(This is the second in a four-part series on RVing in Mexico)
So, you have finally decided to expand your horizons by heading south of the border. Last month, I hope we convinced you that you can take your RV into Mexico with a reasonable degree of safety and confidence. Now comes the difficult part: navigating the rules and regulations on moving your RV and toys across the border. The good news if you are planning on traveling to Baja or no further south than Guyamos in Sonora State is that you will be in what Mexico describes as the “hassle-free zone.” No permits are required other than a tourist card. (For Baja travel information, see Dan Goy’s website at bajaamigos.net.).
The procedure for taking your RV into mainland Mexico is intimidating for the first-timer, and the purpose of this article is to try to provide the information required. Be assured that the first time is the most daunting. If you are traveling in a commercial caravan, the operators of the caravan will assist you with all of this. Make sure you take notes so you can do it on your own for later trips. Crossing with a caravan or others who have done it before is a huge advantage.
The rules regarding vehicles, pets and importation in general are fluid and another new wrinkle may well be added before the next Snowbird season. I maintain a web page with the latest updates at mexicorvforums.com/border.html and I encourage you to check there for more details and the latest information.
The first step is to ensure any vehicles are in your name and that anyone listed on the registration is traveling with you. If the vehicle is leased or in a company name (even your own), you need a notarized letter of permission (preferably in Spanish) to take it into Mexico. The same may be true if anyone listed on the registration is not traveling with you. Also ensure you have pre-purchased Mexican auto insurance with a minimum $500,000 liability.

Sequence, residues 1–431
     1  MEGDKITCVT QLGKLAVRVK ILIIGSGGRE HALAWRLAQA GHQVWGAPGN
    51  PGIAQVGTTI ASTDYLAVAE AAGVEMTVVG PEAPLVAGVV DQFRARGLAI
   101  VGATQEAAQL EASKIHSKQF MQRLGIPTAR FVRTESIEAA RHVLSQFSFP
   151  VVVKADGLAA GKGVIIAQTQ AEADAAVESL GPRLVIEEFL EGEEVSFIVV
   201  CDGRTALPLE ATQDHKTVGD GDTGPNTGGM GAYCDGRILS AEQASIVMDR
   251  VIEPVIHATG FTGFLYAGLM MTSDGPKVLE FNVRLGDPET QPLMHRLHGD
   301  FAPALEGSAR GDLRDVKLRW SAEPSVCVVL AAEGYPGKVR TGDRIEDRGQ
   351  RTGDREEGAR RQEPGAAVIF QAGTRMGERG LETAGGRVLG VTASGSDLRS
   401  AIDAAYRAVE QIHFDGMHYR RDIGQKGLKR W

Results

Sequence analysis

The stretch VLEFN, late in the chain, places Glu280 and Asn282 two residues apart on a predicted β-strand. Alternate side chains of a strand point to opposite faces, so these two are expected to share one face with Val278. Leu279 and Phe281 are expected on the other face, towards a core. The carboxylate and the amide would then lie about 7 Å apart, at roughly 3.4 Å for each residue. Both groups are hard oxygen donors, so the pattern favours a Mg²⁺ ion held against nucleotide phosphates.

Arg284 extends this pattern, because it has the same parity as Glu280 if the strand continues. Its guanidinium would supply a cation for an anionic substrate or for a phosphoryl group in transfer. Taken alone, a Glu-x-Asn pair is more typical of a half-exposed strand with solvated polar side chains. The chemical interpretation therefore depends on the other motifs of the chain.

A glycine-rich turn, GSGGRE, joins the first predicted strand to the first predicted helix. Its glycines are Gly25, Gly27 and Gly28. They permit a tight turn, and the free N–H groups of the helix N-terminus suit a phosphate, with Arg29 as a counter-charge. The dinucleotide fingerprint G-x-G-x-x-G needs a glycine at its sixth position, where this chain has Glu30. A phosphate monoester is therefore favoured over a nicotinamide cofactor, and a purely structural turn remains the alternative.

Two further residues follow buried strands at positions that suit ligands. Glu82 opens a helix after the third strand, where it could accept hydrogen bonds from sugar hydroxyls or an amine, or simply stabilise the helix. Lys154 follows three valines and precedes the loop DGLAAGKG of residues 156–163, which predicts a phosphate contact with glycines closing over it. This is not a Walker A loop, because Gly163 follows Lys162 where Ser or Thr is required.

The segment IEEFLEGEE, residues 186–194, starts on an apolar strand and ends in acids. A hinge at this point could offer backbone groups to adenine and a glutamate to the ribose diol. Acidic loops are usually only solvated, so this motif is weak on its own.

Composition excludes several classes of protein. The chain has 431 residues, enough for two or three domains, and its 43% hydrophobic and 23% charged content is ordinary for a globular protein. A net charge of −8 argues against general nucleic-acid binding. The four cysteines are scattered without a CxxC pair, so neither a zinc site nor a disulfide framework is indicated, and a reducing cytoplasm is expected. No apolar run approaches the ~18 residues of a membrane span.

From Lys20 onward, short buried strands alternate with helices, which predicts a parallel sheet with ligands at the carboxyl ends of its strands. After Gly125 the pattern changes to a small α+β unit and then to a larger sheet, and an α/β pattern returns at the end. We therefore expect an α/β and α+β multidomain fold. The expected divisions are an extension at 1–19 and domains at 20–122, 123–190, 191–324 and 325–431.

It is not a bad idea to take the originals of any documents they may even remotely ask for, including items such as birth certificates and marriage certificates if you have them. You will definitely need your passport, driver’s license, a credit card and original registrations for all vehicles, trailers and toys. Make two copies of each piece of documentation and have them with you. I also advise scanning all documentation and emailing them to yourself so you can readily access them online should you lose anything.
You will be required to pay a deposit of $200-$400, depending on the vehicle’s age, in cash or by credit card on each vehicle not classified as an RV. This includes pickups, towed cars and motorcycles over 150 cc. There are two classifications of permits. A “Casa Rodante” or Rolling Homes (RV) permit and a normal vehicle permit. Each traveler may have one of each type. Here are some examples; if you have a Class A with tow car, you will have one Casa Rodante permit and one vehicle permit. If you have a fifth-wheel, you will also require the same, a vehicle permit on the towing truck and a Casa Rodante on the trailer. If you have a Class A, B or C without a tow car, you will need a single Casa Rodante permit. To make things even more confusing, a Casa Rodante permit is good for 10 years, a vehicle permit only for 180 days.
You may attach up to three items to any permit. These include cargo and utility trailers, motorcycles under 150 cc’s and ATVs under 350 cc’s. Everything else requires its own permit. Depending on what is added to a Casa Rodante permit, it may only be valid for 180 days instead of 10 years. All permits must be canceled before expiry. The 10-year Casa Rodante permit is designed to enable you to store an RV in Mexico for a few seasons. Unless you intend to do that, my advice on a 10-year permit is to cancel it every time you leave Mexico unless you live close to the border. If you sell the RV or write it off at home, you will not be allowed to take another RV into Mexico until the old permit is canceled.
Trip to the Bank